3:8: "'Let those who curse a day curse it, those who are ready to rouse Leviathan.'"
"Those who curse a day" refers to enchanters that might try to weave a spell of evil over a day.
"Leviathan," in the second half of the verse, refers to an enormous sea-going creature described in great detail in Job 41, and mentioned in several places in the Bible. This creature is similar to the ancient plesiosaur identified by fossil hunters. This brief note in Job is fascinating because it assumes common knowledge of the dangerous nature of this creature. But how could people in Job's day be familiar with the temperment of a creature that modern science says went extinct millions of years ago? Perhaps it didn't die out so long ago after all. (For more information on this fascinating topic, see our teaching on Dinosaurs in the Bible.)
In this verse, "those who are ready to rouse Leviathan"—which is clearly not a good idea (see Job 41)—serves to modify the "enchanters" of the first part of the verse (an example of synonymous parallelism—one of the major forms of Hebrew poetry). Since rousing Leviathan is clearly foolish, if not suicidal, this means being an enchanter is also extremely foolish. In this way, Job makes a negative comment about enchantment and witchcraft, even while wishing that the day of his birth was cursed.
3:9: "'Let the stars of its twilight be darkened; let it wait for light and there be nothing, and let it not see by the rays of dawn.'"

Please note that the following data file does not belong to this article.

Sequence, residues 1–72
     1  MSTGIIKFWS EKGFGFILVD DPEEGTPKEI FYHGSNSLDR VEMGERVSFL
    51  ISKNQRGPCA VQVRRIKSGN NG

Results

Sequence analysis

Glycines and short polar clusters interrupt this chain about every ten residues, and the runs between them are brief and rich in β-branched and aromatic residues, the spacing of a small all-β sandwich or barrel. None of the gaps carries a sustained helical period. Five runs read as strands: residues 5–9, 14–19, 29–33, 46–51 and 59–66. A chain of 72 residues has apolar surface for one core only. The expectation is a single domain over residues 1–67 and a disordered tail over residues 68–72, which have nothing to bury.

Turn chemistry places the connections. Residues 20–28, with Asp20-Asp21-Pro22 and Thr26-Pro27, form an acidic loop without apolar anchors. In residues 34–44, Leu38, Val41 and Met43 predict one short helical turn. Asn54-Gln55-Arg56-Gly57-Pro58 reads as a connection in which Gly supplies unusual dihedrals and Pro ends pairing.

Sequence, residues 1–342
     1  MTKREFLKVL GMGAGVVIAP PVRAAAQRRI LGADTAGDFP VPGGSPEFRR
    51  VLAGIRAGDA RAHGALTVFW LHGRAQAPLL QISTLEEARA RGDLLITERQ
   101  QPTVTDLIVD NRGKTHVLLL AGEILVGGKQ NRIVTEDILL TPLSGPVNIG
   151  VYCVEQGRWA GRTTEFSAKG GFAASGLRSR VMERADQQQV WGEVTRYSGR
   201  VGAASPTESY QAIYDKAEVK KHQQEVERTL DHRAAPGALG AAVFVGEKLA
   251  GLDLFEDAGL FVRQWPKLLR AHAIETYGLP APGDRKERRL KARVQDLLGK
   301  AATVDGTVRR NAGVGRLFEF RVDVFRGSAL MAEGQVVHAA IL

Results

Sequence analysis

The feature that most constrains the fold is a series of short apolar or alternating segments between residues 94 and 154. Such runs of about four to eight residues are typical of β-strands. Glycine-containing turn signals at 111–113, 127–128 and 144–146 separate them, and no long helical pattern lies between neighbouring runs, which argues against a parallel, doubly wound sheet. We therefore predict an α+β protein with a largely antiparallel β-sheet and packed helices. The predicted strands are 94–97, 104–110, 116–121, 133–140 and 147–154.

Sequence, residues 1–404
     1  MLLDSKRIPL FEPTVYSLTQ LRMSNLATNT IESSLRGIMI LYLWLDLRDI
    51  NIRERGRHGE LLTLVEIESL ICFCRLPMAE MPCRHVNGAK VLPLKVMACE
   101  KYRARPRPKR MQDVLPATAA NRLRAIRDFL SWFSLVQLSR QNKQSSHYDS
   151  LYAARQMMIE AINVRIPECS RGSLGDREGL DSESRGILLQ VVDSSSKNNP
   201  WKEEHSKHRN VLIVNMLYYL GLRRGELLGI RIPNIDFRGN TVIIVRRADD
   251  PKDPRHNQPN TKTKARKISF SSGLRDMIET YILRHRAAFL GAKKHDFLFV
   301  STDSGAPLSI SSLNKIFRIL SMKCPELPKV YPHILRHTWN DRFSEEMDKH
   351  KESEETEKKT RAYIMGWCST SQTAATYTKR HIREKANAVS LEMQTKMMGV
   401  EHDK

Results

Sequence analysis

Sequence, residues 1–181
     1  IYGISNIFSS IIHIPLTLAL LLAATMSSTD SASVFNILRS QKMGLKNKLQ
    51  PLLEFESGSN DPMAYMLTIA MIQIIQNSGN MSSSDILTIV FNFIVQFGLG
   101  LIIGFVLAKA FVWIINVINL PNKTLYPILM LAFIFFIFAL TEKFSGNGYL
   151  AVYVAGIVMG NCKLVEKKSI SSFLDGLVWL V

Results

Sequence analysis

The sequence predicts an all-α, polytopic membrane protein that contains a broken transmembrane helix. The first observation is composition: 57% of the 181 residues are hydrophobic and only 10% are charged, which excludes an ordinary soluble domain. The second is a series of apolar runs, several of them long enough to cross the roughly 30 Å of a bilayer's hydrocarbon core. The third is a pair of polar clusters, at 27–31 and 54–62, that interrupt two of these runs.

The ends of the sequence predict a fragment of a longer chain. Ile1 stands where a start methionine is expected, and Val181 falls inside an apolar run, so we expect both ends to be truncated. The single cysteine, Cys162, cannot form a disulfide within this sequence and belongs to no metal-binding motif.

While wishing the opposite for the night of his conception, Job paints a beautiful picture of waiting for the dawn, an event made even more attractive in Israel and surrounding areas by the blessed cool of the early morning air—a dramatic contrast to the heat of the day, and by the crystal-clear skies of the desert night. In other words, let even the most delightful part of that night—the first glimmer of daylight—be darkened.
3:10: "'For it did not close the doors of my mother's womb and hide trouble from my eyes.'"
Let that night be darkened, since it did not prevent the conception that has led to all his trouble.
3:11: "'Why did I not die from the womb, come out of the belly and expire?'"
In other words why, Job says, did I not die at birth, why was I not a stillborn child?
3:12: "'For what reason did the knees come to meet me, and why the breasts that I might suck?'"
Being placed on the knees was the custom by which a father recognized a newborn child as legitimate (Gen. 30:3, 50:23).
Job Longs for Death
3:13: "'For now, had I lain down and been quiet, had I slept then, there would be rest for me'"